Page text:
I can believe it makes a significant difference though, as for some reason the US model CRD controls a huge amount of EGR. I pulled the MAP sensor when I first bought it, and with 30k miles it was completely encrusted with oil/EGR accretion. That Jeep had EGR defeat installed around 45k miles, and now has 95k miles. Probably time to check the MAP sensor again, although when it gets gunked up, engine operation is noticeably affected.

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Old 11-29-2011, 03:39 PM   #12 (permalink)
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I have done extensive searching and reading on Fred's site. No one has done due diligence in demonstrating fuel mileage changes with EGR removal. This should involve imitating the conditions of EGR to the computer so it makes no changes in how it fuels the engine -- when the CEL is lit, the ECM will retard the timing to avoid the creation of NOx and mileage will decrease.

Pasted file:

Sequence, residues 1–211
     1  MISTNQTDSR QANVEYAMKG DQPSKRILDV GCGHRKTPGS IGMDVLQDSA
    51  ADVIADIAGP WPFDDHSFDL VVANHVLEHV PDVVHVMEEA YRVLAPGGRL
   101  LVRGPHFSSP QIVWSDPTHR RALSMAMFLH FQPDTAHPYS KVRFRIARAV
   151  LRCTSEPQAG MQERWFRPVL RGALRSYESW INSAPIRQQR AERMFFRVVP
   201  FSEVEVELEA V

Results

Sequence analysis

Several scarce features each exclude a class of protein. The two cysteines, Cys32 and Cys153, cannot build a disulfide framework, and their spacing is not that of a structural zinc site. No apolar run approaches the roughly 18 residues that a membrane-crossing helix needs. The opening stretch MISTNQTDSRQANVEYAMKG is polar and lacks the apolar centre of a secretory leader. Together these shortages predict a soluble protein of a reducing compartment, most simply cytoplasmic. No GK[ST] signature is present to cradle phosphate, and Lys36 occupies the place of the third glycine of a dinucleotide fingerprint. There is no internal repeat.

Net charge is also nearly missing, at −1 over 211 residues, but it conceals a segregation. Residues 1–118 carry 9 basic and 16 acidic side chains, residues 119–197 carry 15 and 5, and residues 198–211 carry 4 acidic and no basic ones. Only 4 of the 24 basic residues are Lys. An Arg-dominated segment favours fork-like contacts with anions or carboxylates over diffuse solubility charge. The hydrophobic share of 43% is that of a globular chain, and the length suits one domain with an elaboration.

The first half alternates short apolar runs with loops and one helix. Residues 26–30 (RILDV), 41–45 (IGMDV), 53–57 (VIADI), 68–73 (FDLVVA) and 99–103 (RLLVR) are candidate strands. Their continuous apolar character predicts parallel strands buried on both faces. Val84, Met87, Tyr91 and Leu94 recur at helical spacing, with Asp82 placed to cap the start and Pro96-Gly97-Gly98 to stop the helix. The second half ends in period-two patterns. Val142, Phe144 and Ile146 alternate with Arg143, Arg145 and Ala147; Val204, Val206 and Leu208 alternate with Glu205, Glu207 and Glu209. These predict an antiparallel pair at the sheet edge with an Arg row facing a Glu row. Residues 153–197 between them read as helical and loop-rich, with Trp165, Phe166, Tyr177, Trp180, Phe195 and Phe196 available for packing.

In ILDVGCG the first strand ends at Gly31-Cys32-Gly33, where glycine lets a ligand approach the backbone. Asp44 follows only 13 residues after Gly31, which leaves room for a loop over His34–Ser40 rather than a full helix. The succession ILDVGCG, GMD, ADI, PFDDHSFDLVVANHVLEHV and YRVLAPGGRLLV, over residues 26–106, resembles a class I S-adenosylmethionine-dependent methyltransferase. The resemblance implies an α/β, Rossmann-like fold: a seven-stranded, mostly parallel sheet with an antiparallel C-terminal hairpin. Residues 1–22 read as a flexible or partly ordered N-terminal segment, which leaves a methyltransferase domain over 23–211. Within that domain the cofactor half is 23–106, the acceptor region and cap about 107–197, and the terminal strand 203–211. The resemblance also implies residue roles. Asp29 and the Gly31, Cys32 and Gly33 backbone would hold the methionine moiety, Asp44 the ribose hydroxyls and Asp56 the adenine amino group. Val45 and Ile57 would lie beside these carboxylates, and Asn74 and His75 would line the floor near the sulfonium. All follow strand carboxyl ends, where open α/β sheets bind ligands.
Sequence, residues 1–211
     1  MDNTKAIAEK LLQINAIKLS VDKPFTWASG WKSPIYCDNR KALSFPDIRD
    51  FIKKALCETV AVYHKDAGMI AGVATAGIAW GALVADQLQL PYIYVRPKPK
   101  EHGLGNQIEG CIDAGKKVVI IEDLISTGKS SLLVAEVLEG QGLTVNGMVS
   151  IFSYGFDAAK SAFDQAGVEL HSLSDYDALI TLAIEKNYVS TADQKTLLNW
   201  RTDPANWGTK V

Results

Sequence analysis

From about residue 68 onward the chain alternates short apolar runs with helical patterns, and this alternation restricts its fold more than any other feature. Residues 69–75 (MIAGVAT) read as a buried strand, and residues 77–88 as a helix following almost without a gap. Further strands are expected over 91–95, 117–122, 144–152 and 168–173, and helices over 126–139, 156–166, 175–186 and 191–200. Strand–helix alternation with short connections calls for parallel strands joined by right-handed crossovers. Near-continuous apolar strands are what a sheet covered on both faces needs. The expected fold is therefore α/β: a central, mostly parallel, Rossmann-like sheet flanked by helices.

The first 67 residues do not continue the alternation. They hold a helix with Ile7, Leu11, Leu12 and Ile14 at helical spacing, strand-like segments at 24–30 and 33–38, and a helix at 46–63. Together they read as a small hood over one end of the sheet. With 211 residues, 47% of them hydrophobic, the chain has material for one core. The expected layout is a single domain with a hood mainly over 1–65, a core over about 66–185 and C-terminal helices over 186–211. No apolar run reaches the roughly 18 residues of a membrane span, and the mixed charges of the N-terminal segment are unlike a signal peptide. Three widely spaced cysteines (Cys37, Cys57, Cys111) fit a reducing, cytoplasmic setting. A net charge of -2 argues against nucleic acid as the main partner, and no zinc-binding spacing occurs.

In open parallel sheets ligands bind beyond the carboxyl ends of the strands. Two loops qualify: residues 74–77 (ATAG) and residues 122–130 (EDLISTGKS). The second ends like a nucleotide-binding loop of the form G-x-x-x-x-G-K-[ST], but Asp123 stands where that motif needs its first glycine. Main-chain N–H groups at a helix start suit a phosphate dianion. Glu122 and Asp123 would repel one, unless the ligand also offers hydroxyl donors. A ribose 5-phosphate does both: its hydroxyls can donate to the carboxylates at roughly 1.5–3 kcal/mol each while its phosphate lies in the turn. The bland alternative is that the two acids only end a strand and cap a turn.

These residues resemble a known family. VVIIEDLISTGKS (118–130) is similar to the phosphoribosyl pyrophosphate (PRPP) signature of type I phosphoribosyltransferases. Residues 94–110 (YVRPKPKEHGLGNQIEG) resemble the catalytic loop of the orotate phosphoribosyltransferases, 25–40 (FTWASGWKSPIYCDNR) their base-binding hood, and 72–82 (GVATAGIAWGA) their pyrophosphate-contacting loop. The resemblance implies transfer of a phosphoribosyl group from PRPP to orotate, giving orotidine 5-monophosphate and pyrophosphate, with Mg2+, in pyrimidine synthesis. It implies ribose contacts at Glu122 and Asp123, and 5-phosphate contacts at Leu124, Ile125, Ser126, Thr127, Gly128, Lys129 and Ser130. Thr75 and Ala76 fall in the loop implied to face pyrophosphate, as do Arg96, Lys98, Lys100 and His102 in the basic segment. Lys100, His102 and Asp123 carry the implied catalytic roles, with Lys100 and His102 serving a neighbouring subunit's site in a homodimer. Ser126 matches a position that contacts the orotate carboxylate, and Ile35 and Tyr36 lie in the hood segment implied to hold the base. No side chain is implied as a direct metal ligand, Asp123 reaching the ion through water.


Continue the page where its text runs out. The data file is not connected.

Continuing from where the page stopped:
To answer your question, I want to convince myself removing EGR improves engine efficiency. I hypothesize it will, and I want to demonstrate it in fact, with as much control over the experiment as I can get.

And secondarily, to keep the intake from clogging. Many on Fred's site make the claim the newer diesel fuels will keep this from happening. I pulled my intake and cleaned it two years ago, and it was a mess. I may do it again in the spring and see if there is appreciable buildup. I am not sure the new diesel fuels are any different in that regard. And I also don't believe you can remove enough of the oil in the intake to prevent the crud from sticking; if there is a fuel efficiency gain from removing EGR, that is the better solution for me.